On 4th February, Burberry announced they were deploying what appears to be a real revolution in the world of fashion (see here the announcement on Business Of Fashion): the alignment of the dates of the fashion shows and those when any new collection would be available in their boutiques.
From September 2016 onwards the collections will be reduced to two each year, women's-wear and menswear shows will be merged and products will be available in boutiques at the same time. In the wake of this change, other brands announced their wish to align themselves on Burberry: Tommy Hilfiger, Tom Ford, Rebecca Minkoff, Vetements, Mulberry, etc. On 24th February, Ralph Toledano, chairman of the French Ready-to-wear Couture and Fashion Designers Federation announced that it would change nothing in their current schedule, followed very quickly by Gucci and all the Kering brands.
Christopher Bailey, Managing and Creative Director of Burberry, legitimates this choice by a desire to bring the brand closer to its clients: he does not see why products should not be immediately available or why fashion should continue to distinguish between autumn/winter and spring/summer when fashion is global (and relates to both hemispheres). Ultimately, according to him, all this requires only an optimization of the supply chain: "When you break it all down, it's just a shift in your supply chain - that's the crunch". I also think that he could have cited the lower costs that such a decision implies, especially at a time when Burberry's results are lagging (in the first 6 months of 2015: Sales and earnings stable / decline in licenses 13%).
But in reality, it is something else altogether: we are witnessing the great comeback of luxury and a redefinition of the conflict Italy & France v. the Anglo-Saxons.
"We have designers, retailers, and everybody complaining about the shows. Something's not right anymore because of social media, people are confused," said Diane Furstenberg, president of the CFDA (Council of Fashion Designers of America) announcing they were considering the eventuality of a "See Now, Buy Now" Fashion Week. It is indeed an American initiative, presented as one being made under the pressure of social media and consumers. This is a crucial point: one has only to recall, for example, that during the last fashion show Tommy Hilfiger set up an "Instapit": In addition to the space reserved for professional photographers, Tommy Hilfiger organised a space for instagrammers, to allow them to take photographs of the show under the best possible conditions and publish them live on Instagram (see here) and US shows are now often open to the public (albeit with an entrance fee). American Fashion shows are now organised as democratised "entertainment".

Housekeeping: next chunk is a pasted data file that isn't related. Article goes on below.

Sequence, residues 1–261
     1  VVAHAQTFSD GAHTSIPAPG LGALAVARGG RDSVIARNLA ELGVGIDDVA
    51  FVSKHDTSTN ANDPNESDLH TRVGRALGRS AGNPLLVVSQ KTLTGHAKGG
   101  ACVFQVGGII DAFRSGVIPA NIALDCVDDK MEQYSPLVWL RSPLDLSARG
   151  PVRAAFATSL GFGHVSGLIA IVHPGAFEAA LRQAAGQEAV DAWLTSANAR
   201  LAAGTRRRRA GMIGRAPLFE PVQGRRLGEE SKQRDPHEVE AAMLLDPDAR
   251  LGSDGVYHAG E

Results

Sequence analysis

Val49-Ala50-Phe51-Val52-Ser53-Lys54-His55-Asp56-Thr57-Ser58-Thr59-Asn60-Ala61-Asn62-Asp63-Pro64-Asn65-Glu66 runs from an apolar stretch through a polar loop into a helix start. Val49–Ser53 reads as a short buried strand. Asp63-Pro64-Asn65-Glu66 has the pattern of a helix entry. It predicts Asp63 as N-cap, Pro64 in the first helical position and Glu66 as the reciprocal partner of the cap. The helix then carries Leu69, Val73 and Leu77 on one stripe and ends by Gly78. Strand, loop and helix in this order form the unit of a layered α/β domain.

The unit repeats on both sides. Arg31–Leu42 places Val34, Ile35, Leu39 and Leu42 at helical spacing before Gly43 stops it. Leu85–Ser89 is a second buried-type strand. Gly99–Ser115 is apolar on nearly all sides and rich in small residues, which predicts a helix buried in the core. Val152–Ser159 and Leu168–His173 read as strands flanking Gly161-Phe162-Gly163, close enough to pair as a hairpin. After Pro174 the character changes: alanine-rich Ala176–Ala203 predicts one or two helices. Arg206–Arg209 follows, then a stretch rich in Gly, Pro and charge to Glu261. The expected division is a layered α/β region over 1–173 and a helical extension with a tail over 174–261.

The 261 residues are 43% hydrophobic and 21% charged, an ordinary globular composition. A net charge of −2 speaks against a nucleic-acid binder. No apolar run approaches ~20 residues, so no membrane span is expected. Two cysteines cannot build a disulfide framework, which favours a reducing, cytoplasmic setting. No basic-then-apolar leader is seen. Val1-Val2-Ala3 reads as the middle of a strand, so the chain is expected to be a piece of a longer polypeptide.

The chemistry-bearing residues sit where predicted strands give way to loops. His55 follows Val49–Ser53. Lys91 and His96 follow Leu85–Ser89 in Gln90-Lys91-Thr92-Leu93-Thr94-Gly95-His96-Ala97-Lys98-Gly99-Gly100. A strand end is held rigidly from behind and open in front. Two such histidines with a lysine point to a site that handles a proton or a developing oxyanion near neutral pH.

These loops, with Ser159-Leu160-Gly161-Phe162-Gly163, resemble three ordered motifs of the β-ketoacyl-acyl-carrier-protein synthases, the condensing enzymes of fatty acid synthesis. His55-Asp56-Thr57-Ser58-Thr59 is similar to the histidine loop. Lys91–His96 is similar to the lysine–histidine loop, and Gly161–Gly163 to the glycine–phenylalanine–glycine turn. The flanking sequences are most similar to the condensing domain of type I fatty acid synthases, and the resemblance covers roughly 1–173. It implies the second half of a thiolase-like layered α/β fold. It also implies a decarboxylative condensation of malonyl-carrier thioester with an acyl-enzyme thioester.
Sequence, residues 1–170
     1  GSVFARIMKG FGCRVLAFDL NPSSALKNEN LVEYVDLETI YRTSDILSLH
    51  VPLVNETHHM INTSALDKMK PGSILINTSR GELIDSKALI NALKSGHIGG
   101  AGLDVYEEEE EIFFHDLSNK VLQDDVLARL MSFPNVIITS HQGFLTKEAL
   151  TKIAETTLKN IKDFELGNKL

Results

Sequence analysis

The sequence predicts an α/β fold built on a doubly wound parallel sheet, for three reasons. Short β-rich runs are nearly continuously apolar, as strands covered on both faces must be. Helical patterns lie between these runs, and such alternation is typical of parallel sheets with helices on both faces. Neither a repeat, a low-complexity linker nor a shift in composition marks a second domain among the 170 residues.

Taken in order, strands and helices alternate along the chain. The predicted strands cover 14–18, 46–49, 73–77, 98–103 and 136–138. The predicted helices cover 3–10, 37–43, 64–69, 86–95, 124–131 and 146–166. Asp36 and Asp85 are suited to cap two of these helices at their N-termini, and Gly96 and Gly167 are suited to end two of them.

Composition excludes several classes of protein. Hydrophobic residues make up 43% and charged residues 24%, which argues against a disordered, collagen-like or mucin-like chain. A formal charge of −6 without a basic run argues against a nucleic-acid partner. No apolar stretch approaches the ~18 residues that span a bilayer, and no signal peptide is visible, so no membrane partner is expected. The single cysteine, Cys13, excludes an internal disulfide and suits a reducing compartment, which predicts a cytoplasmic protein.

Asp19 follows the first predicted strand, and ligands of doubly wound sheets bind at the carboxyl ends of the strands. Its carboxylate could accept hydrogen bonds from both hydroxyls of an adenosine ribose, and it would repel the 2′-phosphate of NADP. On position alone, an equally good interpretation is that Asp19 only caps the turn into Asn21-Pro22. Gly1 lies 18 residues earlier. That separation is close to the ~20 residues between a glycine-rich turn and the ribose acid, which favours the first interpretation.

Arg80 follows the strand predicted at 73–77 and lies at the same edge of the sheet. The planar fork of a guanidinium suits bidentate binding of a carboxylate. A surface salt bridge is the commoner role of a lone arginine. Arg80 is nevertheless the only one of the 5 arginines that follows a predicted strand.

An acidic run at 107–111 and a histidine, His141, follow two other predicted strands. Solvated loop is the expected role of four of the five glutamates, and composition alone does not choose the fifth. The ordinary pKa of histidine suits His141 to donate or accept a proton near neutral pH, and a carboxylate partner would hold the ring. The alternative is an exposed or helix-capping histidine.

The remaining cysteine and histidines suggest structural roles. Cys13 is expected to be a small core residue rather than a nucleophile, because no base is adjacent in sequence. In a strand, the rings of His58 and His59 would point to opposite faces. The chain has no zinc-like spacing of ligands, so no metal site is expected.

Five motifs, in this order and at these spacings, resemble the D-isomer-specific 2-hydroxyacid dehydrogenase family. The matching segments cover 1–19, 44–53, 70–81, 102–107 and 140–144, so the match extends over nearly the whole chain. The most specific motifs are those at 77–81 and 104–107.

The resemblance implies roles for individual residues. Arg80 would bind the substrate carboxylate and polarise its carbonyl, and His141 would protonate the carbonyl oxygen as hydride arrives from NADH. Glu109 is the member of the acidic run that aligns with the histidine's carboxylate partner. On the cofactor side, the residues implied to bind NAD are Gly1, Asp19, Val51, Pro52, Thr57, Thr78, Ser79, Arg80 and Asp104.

The reactions of the luxury brands (in Paris and Milan) – which project themselves as "creation driven" – relegate the image of American brands to one of being "marketing driven": it gives them a unique opportunity to reaffirm their status as luxury brands, practicing real rarity management. And thereby to conclusively distinguish themselves from the American brands (and Burberry) often projected as affordable luxury. We are therefore seeing a general repositioning of brands within the luxury sector.
But this does not imply an inflexible position on an immovable model on their part. Prada makes two models of the bags it presents in its shows available immediately in its boutiques. And Karl Lagerfeld reveals (on BoF) that Chanel's organization is far more subtle than one imagines: "Chanel makes six collections per year, but I make already one — the capsule — that is not shown to the press, to nobody. The day it comes out is the day the stores get a document. Now I want to do something else — perhaps it's too early to talk about it — to make a special collection only for the [Internet]. Fifteen things, you buy them and you get them immediately." A vision that is much more sophisticated than the "See Now, Buy Now".